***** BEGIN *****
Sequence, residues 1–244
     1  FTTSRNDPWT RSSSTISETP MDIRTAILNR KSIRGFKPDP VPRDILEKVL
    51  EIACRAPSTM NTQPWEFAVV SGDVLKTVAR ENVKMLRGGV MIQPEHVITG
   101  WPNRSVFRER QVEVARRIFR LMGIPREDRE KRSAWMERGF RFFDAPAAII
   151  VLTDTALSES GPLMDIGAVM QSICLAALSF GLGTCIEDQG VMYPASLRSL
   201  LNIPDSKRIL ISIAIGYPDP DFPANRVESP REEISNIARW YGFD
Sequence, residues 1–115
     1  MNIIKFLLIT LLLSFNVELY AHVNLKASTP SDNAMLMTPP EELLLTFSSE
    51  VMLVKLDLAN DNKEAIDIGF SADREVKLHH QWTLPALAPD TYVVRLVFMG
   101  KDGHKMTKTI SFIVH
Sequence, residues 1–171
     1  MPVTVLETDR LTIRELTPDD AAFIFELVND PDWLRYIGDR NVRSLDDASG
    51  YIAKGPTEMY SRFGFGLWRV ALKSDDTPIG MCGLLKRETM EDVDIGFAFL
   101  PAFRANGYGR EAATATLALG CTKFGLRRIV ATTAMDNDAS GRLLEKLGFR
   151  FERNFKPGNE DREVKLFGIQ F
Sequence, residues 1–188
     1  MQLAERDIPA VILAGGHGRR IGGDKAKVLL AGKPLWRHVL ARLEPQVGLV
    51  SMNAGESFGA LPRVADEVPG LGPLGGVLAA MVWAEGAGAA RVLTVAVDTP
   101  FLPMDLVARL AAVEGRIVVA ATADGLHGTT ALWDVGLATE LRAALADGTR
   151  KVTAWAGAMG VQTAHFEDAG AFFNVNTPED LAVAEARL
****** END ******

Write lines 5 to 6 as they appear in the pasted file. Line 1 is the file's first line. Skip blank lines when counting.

   151  VLTDTALSES GPLMDIGAVM QSICLAALSF GLGTCIEDQG VMYPASLRSL
   201  LNIPDSKRIL ISIAIGYPDP DFPANRVESP REEISNIARW YGFD